Two Strategies for Fighting Inflation Fires—and Fears

How real is the threat of increasing inflation? This has been a lively issue of debate among economists, financial advisors and investors for a long time. Only recently has a strengthening global economy, impressive employment growth figures in the U.S., ongoing Fed interest rate hikes and a flattening yield curve contributed to a more uniform consensus that inflation is likely to increase, rather than decrease, in the coming months. Investors who share this belief may wish to consider adding Treasury Inflation Protected Securities (TIPS) to their fixed income portfolios. 

The Market’s Inflation Outlook

The decision to invest in TIPS should be based in part on an investor’s beliefs in whether prices will rise or fall over time.

Investors seeking guidance can find the market’s current outlook in the Federal Reserve’s Breakeven Inflation Expectation Rate (BEI). BEI measures yield spreads between current fixed-rate Treasuries and comparable Treasury inflation-indexed securities with similar maturities. This analysis reveals the market’s current inflation expectations, as shown in the chart below. 

Image 1

Key Drivers of Higher Inflation Expectations

Through most of 2017, inflation expectations were relatively muted, but started to rise sharply at the end of the year. The rebound of the BEI rate from its December trough reflected predictions that President’s Trump’s newly enacted tax reforms would spur economic growth that would generate higher inflation. Expectations continued to rise in 2018 in response to an array of positive economic indicators, including solid job creation, positive GDP growth, rising wages, and increasing consumer confidence.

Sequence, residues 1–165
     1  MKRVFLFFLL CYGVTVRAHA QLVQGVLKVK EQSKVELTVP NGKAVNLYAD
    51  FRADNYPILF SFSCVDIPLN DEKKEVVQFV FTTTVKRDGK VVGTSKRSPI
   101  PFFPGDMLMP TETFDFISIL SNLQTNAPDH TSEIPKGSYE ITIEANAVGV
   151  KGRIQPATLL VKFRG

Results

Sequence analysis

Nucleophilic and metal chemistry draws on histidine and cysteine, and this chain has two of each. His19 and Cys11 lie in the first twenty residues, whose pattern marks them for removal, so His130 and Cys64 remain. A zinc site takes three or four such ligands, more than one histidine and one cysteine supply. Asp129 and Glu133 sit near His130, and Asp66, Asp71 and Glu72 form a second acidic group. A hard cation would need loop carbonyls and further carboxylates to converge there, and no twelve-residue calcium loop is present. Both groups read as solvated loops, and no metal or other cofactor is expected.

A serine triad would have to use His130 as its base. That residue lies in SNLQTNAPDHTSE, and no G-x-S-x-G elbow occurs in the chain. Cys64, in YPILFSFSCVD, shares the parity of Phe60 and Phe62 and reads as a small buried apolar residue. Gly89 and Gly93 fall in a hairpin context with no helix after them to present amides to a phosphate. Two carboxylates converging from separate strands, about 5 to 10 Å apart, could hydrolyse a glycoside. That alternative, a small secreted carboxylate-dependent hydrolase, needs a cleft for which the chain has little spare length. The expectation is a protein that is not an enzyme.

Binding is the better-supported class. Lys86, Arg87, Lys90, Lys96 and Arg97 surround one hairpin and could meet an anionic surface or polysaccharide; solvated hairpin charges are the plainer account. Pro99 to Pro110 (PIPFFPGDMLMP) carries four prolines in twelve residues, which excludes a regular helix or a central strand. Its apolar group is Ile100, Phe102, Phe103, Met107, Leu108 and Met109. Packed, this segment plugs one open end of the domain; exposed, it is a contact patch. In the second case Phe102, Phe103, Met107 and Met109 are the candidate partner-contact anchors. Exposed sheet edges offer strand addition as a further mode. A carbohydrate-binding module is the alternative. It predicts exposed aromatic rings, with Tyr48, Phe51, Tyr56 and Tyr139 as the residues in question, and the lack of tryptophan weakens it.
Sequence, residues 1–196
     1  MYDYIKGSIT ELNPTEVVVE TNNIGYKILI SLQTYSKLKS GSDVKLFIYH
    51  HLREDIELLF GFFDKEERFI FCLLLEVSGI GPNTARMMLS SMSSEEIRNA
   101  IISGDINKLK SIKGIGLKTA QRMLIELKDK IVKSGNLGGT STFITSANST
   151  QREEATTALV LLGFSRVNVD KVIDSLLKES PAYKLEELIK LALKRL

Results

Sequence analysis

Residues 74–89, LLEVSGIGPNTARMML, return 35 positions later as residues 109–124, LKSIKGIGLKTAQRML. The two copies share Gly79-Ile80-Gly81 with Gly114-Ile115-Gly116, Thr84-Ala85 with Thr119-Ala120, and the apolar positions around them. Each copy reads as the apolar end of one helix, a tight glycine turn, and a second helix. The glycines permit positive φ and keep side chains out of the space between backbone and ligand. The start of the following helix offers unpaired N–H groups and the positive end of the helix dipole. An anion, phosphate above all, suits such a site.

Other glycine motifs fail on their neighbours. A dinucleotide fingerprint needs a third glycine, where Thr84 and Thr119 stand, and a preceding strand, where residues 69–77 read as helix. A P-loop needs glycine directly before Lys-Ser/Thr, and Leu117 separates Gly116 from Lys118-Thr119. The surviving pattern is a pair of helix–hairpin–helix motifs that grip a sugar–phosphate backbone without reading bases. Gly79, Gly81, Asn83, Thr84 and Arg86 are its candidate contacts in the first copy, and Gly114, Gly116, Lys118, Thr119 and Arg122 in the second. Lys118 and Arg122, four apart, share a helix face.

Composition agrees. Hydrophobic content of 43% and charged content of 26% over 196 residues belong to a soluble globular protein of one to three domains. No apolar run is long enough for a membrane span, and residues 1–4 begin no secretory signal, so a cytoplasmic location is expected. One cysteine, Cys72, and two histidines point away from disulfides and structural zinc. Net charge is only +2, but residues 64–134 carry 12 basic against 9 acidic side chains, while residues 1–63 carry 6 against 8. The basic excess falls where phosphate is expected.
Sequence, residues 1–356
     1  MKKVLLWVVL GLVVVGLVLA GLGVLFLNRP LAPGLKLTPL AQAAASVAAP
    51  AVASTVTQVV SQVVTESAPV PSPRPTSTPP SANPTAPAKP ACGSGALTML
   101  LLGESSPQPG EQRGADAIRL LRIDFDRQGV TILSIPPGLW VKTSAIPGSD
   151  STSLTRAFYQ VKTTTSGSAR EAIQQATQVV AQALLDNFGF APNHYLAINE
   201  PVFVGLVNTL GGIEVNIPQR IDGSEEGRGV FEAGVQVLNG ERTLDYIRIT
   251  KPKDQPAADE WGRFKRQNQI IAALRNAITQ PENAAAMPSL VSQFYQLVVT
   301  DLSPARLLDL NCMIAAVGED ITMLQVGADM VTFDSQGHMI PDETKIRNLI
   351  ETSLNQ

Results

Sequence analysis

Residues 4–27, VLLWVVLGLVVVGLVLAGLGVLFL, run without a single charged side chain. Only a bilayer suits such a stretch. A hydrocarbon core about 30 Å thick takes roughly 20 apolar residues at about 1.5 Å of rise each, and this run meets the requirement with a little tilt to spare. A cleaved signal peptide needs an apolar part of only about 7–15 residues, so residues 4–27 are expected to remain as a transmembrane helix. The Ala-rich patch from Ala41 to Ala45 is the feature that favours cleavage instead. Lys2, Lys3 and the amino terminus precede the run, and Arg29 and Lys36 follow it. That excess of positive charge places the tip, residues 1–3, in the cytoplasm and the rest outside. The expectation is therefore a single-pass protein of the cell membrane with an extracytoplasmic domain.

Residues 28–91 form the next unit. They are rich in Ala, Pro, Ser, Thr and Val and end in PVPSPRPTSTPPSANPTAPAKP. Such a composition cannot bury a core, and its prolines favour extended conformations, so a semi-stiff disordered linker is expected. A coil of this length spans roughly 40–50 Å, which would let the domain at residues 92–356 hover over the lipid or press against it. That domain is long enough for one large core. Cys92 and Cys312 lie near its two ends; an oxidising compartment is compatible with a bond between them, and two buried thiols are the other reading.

The declining dollar and continued accommodative stance of many foreign countries has also driven higher inflation expectations. While the Fed continues to raise interest rates here in the U.S., many European nations are still committed to maintaining their Quantitative Easing Programs. 

Unable to find attractive yields at home, many foreign banks and sovereign wealth funds seek higher yields from U.S. fixed income securities, which is flattening the yield curve. More foreign capital flowing into the U.S. could stimulate more economic growth, which, in turn, could drive prices higher. 

More recently, the Trump administration’s imposition of tariffs on imported steel and aluminum has created further concerns that prices for automobiles, construction materials and consumer goods here in the U.S. could rise significantly as well.   

While some investors attempt to compensate for inflation by increasing exposure to equities, we believe that TIPS can provide similar protection without incurring additional investment risk. 

Using the BEI Rate as a TIPS Decision Factor